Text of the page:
There are many different opinions of the National Association for the Advancement of Colored People (N.A.A.C.P.), the premier organization for African-American rights around the world. Some believe that the organization has made great strides towards equality and fairness across the country, and that segregation could still be a prominent fixture today if not for the N.A.A.C.P. Others scrutinize the efforts of the N.A.A.C.P., and claim that it is nothing more than a figurehead organization that doesn’t actually advance the African-American people. This seems to be the sentiment shared in the essay, “Down at the Cross,” by James Baldwin. Although mentioned only briefly in the essay, Baldwin conveys a sense of discouragement towards the N.A.A.C.P., and that there work doesn’t do much good because of their lethargy in the courtroom. (Baldwin, 320) Baldwin asserts that by the time the court decision has been made, the impact of the decision is almost nonexistent, and fails to carry a collective punch. For these reasons, Baldwin believes that the N.A.A.C.P. will never accomplish meaningful, and that they will continue to simply go through the motions, in an almost lifeless manner.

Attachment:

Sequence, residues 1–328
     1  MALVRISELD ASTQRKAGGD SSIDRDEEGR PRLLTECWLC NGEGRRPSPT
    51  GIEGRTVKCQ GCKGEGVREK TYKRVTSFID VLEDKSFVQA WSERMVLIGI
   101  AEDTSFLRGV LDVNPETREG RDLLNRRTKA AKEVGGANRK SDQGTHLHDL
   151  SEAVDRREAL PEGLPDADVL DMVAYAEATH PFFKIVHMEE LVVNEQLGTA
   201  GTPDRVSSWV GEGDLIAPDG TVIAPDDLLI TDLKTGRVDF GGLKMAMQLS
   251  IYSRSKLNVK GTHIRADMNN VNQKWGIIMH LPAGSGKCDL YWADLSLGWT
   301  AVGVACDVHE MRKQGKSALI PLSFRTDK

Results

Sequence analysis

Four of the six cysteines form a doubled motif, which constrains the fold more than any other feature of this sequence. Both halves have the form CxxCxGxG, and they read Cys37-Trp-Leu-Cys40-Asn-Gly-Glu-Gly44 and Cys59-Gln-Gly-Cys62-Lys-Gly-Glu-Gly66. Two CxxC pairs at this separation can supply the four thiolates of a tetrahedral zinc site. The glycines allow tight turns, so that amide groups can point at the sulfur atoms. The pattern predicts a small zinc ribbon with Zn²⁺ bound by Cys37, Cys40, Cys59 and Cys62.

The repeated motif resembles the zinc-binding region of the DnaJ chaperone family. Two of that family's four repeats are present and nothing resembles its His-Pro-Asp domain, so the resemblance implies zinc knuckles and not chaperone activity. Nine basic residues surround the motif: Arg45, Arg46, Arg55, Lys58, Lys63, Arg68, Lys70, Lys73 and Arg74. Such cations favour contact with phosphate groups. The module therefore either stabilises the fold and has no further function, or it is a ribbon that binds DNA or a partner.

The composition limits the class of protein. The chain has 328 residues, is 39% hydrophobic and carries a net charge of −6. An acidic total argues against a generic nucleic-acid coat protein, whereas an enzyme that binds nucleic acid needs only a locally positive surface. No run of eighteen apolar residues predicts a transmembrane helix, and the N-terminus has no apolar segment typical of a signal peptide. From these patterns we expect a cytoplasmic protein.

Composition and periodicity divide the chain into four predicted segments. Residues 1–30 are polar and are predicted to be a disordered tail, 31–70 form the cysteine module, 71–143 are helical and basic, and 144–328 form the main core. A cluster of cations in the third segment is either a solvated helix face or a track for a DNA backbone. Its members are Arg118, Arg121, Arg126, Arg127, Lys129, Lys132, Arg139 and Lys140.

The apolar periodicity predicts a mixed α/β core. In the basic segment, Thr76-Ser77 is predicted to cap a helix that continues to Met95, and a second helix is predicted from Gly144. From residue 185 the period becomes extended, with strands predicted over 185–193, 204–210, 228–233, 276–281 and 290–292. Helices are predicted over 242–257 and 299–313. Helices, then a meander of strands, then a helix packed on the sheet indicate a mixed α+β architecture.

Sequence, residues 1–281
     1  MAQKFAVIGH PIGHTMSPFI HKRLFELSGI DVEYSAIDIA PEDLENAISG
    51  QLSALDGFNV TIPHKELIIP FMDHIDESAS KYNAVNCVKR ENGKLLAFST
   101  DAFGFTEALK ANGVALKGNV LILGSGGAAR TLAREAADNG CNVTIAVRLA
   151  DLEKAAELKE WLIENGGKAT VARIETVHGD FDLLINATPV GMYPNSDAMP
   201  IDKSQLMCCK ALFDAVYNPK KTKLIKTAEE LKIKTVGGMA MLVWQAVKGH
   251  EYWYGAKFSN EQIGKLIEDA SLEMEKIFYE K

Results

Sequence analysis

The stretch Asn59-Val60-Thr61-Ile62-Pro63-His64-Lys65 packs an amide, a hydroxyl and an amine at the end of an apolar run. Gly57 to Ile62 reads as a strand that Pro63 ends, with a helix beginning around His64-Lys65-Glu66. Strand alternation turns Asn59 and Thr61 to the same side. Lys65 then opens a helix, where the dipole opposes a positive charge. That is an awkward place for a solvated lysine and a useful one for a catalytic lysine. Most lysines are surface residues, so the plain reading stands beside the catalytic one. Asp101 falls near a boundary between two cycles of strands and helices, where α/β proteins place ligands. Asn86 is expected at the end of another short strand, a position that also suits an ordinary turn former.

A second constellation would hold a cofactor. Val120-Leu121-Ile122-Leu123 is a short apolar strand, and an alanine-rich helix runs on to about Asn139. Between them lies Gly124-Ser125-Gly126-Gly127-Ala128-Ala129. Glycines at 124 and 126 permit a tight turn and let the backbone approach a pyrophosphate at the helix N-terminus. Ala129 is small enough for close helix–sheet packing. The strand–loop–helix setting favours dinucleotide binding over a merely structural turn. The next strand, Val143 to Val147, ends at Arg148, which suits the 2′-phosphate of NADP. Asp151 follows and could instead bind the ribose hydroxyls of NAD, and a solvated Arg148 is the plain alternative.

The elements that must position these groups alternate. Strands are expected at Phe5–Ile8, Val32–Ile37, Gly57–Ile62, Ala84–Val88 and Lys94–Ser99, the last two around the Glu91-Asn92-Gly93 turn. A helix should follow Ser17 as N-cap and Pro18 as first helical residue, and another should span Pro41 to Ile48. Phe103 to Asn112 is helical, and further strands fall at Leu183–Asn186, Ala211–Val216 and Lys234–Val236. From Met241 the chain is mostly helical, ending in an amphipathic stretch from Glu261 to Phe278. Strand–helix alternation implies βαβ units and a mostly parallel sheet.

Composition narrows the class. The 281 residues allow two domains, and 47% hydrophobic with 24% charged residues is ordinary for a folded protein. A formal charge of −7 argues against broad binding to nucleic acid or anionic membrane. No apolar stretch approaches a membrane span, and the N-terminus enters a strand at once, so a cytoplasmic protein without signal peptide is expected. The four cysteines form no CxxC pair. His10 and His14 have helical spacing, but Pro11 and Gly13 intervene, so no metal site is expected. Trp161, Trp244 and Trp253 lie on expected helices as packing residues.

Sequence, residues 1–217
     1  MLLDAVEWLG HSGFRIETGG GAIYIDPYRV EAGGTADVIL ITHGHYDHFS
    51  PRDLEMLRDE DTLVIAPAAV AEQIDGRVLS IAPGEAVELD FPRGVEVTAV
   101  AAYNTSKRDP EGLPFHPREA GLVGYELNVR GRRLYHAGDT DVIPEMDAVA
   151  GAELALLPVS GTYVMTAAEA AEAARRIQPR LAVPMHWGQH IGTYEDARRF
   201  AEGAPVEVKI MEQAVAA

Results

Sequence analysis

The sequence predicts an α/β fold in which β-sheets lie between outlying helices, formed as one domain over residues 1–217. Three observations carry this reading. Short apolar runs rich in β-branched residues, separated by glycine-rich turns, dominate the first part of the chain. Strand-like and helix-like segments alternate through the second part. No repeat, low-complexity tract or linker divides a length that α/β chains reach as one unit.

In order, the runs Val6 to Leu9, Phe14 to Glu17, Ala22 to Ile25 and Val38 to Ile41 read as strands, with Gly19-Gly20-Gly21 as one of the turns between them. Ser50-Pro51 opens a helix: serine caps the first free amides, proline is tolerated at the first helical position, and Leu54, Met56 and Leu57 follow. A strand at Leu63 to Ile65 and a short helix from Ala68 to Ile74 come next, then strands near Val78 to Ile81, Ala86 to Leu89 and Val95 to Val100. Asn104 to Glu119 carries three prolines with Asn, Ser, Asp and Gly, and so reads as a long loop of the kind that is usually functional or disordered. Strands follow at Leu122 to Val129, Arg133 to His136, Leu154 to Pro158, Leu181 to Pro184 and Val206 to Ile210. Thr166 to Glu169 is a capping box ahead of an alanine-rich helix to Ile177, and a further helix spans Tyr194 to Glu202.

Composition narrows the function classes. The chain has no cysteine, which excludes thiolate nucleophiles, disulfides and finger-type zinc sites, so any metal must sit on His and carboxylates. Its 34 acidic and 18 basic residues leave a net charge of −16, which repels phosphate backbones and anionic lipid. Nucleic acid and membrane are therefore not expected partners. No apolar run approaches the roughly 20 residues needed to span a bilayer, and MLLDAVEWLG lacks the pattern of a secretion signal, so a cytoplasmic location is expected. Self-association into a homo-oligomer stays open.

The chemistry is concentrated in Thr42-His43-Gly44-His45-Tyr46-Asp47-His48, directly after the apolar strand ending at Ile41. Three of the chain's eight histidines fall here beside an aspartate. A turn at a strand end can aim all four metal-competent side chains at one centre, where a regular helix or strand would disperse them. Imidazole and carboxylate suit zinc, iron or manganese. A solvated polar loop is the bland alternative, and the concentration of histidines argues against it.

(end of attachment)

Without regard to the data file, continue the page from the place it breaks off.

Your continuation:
The history of the N.A.A.C.P. dates back to the early 20th century. The organization was founded in 1909 by Mary White Ovington. Ovington had read an article from the New York Post entitled “Race War in the North,” written by William English Walling. Ovington became inspired to learn more about the African-American situation, and set up a meeting with Walling in New York. On February 12th, 1909, approximately 20 or so members met and formed the National Association for the Advancement of Co...
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...essay, Baldwin may have proven to have predicted the fate of the N.A.A.C.P., even if its accomplishments did surpass his own expectations.
Baldwin, James. “Down at the Cross.” 1962. James Baldwin: Collected Essays. Ed. Toni Morrison. New York: Library of America, 1998. 296-347.
Kellogg, Charles Flint. NAACP: A History of the National Association for the Advancement of Colored People. Baltimore: The Johns Hopkins Press, 1967.
Connerly, Ward. “The NAACP’s Decline and Fall.” The Wall Street Journal 16 July 2002: A16.
“National Association for the Advancement of Colored People.” Spartacus Educational.
“NAACP Timeline.” National Association for the Advancement of Colored People.
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